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Air Care Turbo 4200 is tripping breakers, what can we do?

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  • Air Care Turbo 4200 is tripping breakers, what can we do?

    Question: Hi there,
    One of our negative air units (air scrubbers) is an "air care turbo 4200".
    This unit offers two (2) 110 volts plugs for two (2) motors that have a low/high switch option for each motor.
    We are finding this unit blows breakers in the average home, or older commercial buildings even with only one plug being used on the low setting and having its own isolated plug/breaker.
    This is occurring without the hepa filter installed and with just a standard re usable filter in the unit.
    On our other units (different company) we had similar issue and they had a "rheostat" aftermarket dial we could install that allows us to reduce the electrical draw of the negative air unit.
    Do you have any type of aftermarket governor or rheostat that we could have installed into the panel of the 4200 turbo?
    Also, do you have replacement filters for this unit measures 23.5 x 23.5.
    Ps....outside of this minor issue, it's a great unit!
    Thanks in advance,
    Best regards,
    Kevin Smith,
    c.o.o. commercial division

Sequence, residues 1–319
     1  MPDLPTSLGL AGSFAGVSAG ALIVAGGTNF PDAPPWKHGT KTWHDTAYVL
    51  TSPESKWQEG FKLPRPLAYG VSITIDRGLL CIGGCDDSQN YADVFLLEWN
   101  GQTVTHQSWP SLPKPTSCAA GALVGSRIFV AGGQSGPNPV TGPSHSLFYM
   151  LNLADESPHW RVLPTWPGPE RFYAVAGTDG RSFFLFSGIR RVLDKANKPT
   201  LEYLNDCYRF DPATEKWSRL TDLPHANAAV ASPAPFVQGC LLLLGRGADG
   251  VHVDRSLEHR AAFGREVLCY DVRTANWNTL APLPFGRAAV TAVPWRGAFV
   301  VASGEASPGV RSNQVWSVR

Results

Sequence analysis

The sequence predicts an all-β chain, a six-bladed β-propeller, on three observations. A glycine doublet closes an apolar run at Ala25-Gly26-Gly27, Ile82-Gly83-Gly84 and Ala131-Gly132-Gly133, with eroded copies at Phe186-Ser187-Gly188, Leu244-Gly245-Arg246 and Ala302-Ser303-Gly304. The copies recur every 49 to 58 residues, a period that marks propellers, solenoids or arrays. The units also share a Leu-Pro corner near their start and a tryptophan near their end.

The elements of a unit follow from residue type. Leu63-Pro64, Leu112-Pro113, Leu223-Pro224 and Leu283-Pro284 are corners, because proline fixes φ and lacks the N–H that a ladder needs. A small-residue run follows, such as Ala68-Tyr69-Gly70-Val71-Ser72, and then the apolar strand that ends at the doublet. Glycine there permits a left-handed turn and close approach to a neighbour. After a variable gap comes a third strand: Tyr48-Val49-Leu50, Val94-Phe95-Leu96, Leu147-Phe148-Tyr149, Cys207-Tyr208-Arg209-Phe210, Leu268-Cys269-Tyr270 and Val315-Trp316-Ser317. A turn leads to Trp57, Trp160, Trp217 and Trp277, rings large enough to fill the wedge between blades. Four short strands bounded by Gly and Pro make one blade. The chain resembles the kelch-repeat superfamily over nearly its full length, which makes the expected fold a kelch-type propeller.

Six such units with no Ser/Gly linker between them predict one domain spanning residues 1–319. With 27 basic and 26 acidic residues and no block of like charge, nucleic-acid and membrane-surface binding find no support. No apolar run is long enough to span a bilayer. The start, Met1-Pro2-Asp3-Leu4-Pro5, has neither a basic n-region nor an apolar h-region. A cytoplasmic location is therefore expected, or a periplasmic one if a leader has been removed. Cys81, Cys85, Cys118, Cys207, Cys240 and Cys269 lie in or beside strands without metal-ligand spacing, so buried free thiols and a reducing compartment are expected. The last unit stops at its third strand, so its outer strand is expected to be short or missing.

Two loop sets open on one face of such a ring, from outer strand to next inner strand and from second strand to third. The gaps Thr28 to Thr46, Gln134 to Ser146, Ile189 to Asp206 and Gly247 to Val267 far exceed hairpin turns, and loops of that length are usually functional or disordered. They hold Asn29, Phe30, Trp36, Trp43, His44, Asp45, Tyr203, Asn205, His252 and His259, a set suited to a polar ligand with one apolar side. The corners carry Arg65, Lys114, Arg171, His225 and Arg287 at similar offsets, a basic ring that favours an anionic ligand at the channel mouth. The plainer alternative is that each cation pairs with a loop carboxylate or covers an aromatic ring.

Answer: Please note that the more you load filters in the unit the less electricity it draws. You are using fewer and or filter with a lower Merv rating causing the amp draw to be increased. I do not offer a rheostat for your motors as I would just tell you to load up the filters if you want it to work easier.
    When customer read the above statement they go "what, less amp draw by making it work harder?"

    Run this experiment. If you own a shop vac? Run the shop vac open flow and then compare this to placing you hand over the end of the hose. The vacuum motor rpm will speed up when you restrict the air flow and the amp draw will fall. The air is causing friction and makes the motors work harder. Less air the motor speeds up because it is working easier. I have a chart showing this at
    Notice on the above chart the open flow is 21,336 rpm and amp draw is 14.8 amps
    Place hand on the end of the hose and now the rpm goes to 26,092 and the amp draw falls to 10 amps.

    We do sell Hepa filters in 24" X 24" X 12" (actual sizes 1/2" less per measurement)
    as well as the 24" X 24" X 6"

    You also might find that some location should be run on a 240 volt to 120 volt electric converter